Edge of Darkness

Mel Gibson's welcome return to acting has manifested in 2010's Edge of Darkness, a film adaptation of the successful 1985 six part BBC television series of the same name. Both versions have been directed and produced by Martin Campbell & Michael Wearing respectively. Campbell especially has demonstrated a rich history in dramatic action film making with his Bond heritage (Director of GoldenEye & Casino Royale) which he utilizes to his full advantage with this fresh endeavor. The cast is meticulously chosen with Gibson taking the lead role of Thomas Craven, a Boston homicide detective who bears witness to his only daughter s mysterious murder. Our very own Ray Winstone appears as a government operative responsible for cleaning up the mess, and last but not least the principal antagonist comes in the form of X-Men: Wolverine's Danny Huston as the C.E.O of North Moor, a government defense contract agency which Gibson uncovers bears more than its fair share of responsibility.

The original series had the fortunate pleasure of music being provided by the genius that is Eric Clapton, and in addition played upon and drew from environmentalist James Lovelock's Gaia hypothesis which postulates that the Earth is a single oscillating organism. This American studio adaption has left behind such idiosyncrasies in search of political thrills and invokes copious parallels with Kevin MacDonald s State of Play (also adapted from a previous BBC series).   However, this offering does hold water in that Gibson has joined the directorial wilderness for the past eight years, proving like Clint Eastwood to be one of the most vital contemporary directors in Hollywood with the likes of the hugely controversial but integrally inspiring The Passion of the Christ & Apocalypto.  But Gibson s return comes in a tour de force stipulating connotations of his previous performances in Payback and Ransom. He has always been more than solid and innovative lead man in pretty much any film that comes his way, and as a result this story has a heart and if you climb through the layers of American Bullsh** you will find an enjoyable ride worth taking.

Campbell's direction is sharp and will keep you on the edge of your seat, especially in some scenes where he excavates that perfect equilibrium between a long meditated scene into sudden chaotic madness when you least expect it. The film also attempts to remain realistic with Gibson after having a fist fight with a potential suspect has to take a time out to get his breath back and sweat all over the gaff. The film is littered with moments like this, proving that perhaps Gibson had influence in the creative decisions, as he comes away from this as triumphant and rightly so. There are however, great problems in this fast paced and expensive way of film-making in that it s like an excited American kid trying to tell you everything in a couple seconds without slowing down, too much information is presented to the audience for them to digest and we are then expected to know every angle of what is yet to unfold.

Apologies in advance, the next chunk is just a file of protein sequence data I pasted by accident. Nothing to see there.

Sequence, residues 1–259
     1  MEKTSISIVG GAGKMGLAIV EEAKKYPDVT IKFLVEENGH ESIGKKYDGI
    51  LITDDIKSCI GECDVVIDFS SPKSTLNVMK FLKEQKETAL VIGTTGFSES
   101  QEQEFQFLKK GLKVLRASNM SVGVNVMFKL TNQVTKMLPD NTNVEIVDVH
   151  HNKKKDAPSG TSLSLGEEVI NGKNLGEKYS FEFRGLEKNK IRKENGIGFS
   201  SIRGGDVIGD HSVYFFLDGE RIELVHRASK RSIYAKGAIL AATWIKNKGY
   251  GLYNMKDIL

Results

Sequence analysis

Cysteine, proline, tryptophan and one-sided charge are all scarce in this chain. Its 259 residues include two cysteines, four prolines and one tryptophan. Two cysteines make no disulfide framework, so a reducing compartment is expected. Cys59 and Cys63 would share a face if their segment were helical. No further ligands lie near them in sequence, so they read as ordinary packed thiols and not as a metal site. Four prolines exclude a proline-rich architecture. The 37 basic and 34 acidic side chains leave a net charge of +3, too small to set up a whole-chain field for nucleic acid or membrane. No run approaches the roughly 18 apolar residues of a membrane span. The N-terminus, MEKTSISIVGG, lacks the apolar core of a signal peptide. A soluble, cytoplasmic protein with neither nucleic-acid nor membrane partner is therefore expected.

Furthermore, there lies a great twist towards the end, which was a special delight as sometimes you do not come to expect such a luxury in this modern market of Hollywood predictable dominance. Ray Winstone especially delivers a perfect counter balance to Gibson s man on a rampage character, in that their encounters provide some much needed humour into the script. The political ramifications of this film appear to be a contemporary comment on the state of American domestic and international defense relations, and the usual stab at government corruption and scandals. This plays well as it offers an interesting insight into the entanglements of a proposed Big Brother state. However, the main drive of this film is in its tag-line when Gibson s fellow policeman says to him You should keep safe, these men are armed and dangerous in which Gibson replies What do you think I am?

Edge of Darkness will more than infuse those of you out there who were waiting for another all action Gibson revenge romper stomper, but I fear it does not offer the same meditative and metaphysical complexities of its predecessor, however it is a savage political thriller which like Ronseal it does what it says on the tin, thrills are omnipresent from three minutes in as Gibson takes no hostages in his mighty return.

Edge Of Darkness Trailer

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